The program is designed around three-way contracts between a participating state, CMS, and the health plans that the states contract with. The health plans are capitated – like traditional HMOs. They are given a lump sum for taking care of a pre-determined population of dually eligible beneficiaries.
The contracts are based on a blended rate that’s supposed to pay for all primary and acute care, behavioral health, and long-term services and supports that beneficiaries might require. The aim is to “auto-enroll” duals into these plans. As of August 2013, CMS had only approved proposals from 6 states, well behind its original schedule. Those states are California, Illinois, Ohio, Massachusetts, Virginia, and Washington to implement the project.
Massachusetts was supposed to be the first state to go live with their dual program last April, but has delayed the start date. Several plans that successfully bid on the Massachusetts program recently withdrew their participation, citing the low rates that the state was going to pay them to care for the dual lives. As a result, several Massachusetts counties that were going to participate in the program now can’t because not enough plans will be servicing their areas.
In California, about 460,000 low-income residents were scheduled to move into the states Medicaid networks in early 2013, then October. Now it’s slated to launch by the beginning of 2014, at the earliest.
The New York demonstration won’t begin until July 2014. When it does, the state estimates that about 170,000 dual eligibles will be enrolled in one of about 25 different plans – a list that includes most of the existing state Medicaid plans.
The “demonstrations” are supposed to last three years. While CMS has said that beneficiaries will have the chance to opt out of the program, the idea is that most beneficiaries will be moved into the new plans involuntarily. That’s seen as the only way to make sure that the bulk of the duals are migrated into the new scheme.
Some states will enroll almost all of their duals into the new plans. But there are serious questions whether the plans, and the state agencies, have the capacity and experience to care for a large population of elderly and disabled beneficiaries.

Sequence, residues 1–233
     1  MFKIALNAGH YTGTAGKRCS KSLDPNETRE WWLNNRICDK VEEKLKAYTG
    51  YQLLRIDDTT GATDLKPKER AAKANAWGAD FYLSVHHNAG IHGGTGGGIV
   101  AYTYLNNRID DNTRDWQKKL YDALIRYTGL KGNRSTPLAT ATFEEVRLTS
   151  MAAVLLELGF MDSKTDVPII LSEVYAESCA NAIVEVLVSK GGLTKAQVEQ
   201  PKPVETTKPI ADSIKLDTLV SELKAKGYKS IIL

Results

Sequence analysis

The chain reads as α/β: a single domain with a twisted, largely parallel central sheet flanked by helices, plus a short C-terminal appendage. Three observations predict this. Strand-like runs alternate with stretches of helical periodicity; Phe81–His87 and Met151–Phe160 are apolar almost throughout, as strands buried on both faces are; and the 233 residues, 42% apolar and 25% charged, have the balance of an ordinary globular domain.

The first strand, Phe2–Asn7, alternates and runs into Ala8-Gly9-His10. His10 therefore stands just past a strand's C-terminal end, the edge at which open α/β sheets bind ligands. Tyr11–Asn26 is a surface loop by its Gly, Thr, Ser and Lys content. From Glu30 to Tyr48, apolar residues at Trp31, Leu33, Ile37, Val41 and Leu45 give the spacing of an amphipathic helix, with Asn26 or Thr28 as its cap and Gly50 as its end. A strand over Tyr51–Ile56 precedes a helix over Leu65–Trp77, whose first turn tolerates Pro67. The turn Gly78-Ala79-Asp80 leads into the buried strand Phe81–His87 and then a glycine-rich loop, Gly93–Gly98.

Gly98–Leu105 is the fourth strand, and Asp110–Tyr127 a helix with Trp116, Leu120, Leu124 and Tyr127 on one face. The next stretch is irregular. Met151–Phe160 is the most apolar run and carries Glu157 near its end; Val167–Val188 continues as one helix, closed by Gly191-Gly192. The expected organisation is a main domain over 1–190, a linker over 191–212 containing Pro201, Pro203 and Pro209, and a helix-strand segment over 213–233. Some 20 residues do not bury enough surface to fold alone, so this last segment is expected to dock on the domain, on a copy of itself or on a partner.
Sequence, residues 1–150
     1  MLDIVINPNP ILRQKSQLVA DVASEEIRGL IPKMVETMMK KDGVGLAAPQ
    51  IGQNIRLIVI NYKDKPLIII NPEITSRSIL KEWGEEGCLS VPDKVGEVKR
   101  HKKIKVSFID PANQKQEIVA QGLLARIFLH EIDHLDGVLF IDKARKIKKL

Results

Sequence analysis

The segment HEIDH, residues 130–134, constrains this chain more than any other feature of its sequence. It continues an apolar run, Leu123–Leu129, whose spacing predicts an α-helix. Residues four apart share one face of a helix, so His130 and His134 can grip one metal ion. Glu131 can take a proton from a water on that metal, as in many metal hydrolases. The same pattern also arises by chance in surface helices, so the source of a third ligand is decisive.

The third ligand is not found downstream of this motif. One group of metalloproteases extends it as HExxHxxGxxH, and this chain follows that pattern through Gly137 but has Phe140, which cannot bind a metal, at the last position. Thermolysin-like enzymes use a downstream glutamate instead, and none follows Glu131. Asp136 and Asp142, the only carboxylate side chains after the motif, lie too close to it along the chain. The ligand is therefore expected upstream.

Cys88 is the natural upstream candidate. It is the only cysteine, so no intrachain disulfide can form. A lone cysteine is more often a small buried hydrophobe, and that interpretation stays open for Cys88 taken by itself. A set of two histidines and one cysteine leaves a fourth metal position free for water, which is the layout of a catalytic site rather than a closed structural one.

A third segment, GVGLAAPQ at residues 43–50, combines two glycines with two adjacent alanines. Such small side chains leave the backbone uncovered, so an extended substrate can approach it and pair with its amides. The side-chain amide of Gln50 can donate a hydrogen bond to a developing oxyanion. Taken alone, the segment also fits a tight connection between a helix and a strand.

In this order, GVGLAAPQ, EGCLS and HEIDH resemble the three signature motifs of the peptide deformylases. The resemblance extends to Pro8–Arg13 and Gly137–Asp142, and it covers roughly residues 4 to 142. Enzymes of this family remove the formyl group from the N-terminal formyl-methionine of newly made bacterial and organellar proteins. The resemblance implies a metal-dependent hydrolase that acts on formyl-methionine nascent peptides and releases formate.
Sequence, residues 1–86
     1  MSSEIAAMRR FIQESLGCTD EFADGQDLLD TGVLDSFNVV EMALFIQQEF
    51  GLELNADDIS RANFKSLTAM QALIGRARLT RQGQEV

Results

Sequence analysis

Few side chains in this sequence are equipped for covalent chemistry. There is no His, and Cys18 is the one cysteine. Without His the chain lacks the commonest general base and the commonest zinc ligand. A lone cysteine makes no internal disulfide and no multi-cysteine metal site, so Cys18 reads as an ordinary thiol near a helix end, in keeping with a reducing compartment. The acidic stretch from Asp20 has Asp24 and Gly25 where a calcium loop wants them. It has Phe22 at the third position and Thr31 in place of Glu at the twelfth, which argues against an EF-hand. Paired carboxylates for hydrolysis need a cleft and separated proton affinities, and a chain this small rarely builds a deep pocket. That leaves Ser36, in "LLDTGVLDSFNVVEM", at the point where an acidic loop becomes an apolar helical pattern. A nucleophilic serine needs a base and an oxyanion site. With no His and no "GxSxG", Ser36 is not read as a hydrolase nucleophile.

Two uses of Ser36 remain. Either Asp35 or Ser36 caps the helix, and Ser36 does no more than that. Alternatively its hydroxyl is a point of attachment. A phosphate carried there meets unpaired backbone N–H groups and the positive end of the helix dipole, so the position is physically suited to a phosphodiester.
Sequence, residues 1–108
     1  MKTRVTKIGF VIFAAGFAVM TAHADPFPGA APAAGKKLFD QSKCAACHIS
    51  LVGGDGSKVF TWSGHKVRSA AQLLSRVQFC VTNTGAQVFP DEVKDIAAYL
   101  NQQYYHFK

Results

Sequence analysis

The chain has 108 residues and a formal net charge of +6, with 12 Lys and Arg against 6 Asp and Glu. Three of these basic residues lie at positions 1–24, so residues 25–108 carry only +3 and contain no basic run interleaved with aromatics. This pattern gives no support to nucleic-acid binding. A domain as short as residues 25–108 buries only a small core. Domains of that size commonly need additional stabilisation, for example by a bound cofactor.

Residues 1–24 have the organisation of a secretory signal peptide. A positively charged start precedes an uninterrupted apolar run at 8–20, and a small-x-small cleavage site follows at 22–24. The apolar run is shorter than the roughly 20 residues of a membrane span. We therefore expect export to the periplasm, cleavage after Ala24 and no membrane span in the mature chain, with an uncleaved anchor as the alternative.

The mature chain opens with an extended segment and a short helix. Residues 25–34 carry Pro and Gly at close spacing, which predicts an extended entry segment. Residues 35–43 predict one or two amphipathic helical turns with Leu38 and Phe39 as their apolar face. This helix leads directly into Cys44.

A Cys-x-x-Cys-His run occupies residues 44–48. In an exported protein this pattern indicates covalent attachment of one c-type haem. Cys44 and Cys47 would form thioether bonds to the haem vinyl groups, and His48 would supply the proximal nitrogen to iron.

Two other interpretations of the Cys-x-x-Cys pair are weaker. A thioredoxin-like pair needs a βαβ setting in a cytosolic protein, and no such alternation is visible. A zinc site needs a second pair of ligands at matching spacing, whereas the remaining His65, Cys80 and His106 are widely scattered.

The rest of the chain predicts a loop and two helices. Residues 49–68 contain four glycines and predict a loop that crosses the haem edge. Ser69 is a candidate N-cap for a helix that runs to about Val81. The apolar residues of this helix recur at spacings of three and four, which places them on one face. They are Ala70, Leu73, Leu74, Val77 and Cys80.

CMS has developed a set of “preferred requirement standards” to help make sure the selected health plans meet some minimum criteria. These include evaluation of the benefit package and the accompanying drug benefit, the adequacy of the provider network that patients will have access to.
But it’s unclear how much of a roll CMS will play in actually enforcing these standards. It seems this process will largely be left up to the states. This means that important protections available to other Medicare beneficiaries are, paradoxically, being waived when it comes to the most vulnerable among these beneficiaries.
There are also significant questions around what kinds of plans will be eligible for participation. Existing Medicare Special Needs Plans and Medicare Advantage plans are eligible to bid in the new program. But so far, reimbursement levels have been set so low that some SNP plans that said they would play have already pulled out.
There’s also evidence that some states are deliberately freezing SNP plans out of the bidding. One state is rumored to be offering no-bid contracts. California has opted to move all of its participating dual population into its existing Medi-Cal program using its county managed care plans. Vermont will have the state Medicaid agency become the managed care organization for duals.
Other states are opening bidding to a variety of plans. But low reimbursement levels mean that the program is being served by mostly low cost Medicaid plans like Molina [MOH:NYSE] or HealthNet [HNT:NYSE].
There’s also the ongoing risk that the entire scheme is used by states as a way to skim money off Medicare and cross-subsidize their existing Medicaid programs. States have a long history of gaming their Medicaid programs to secure more Federal aid. In allocating money to the states for the dual demo programs, CMS is calculating a baseline of anticipated spending for individual beneficiaries. Any additional savings will be split between the states and the feds based on how much each contributed to the up front costs of purchasing a particular health plan.
CMS isn’t revealing its methodology for calculating the baseline, or the anticipated savings. Nor will it be known which services got reduced in order to generate the savings. It’s also not clear how beneficiaries will benefit from the savings, if at all.
Given all the shortcomings of moving the duals into state Medicaid schemes, it begs the question why the Obama Administration has taken this route. The Administration often speaks of its efforts to address the needs of the elderly poor as a way to reduce spending. First and foremost, these policy questions should be tackled as a means to improve health, and lift some of these people out of poverty.
You can follow Dr. Scott Gottlieb on Twitter @ScottGottliebMD
There are no comments available.
1150 17th Street, N.W. Washington, D.C. 20036
© 2016 American Enterprise Institute for Public Policy Research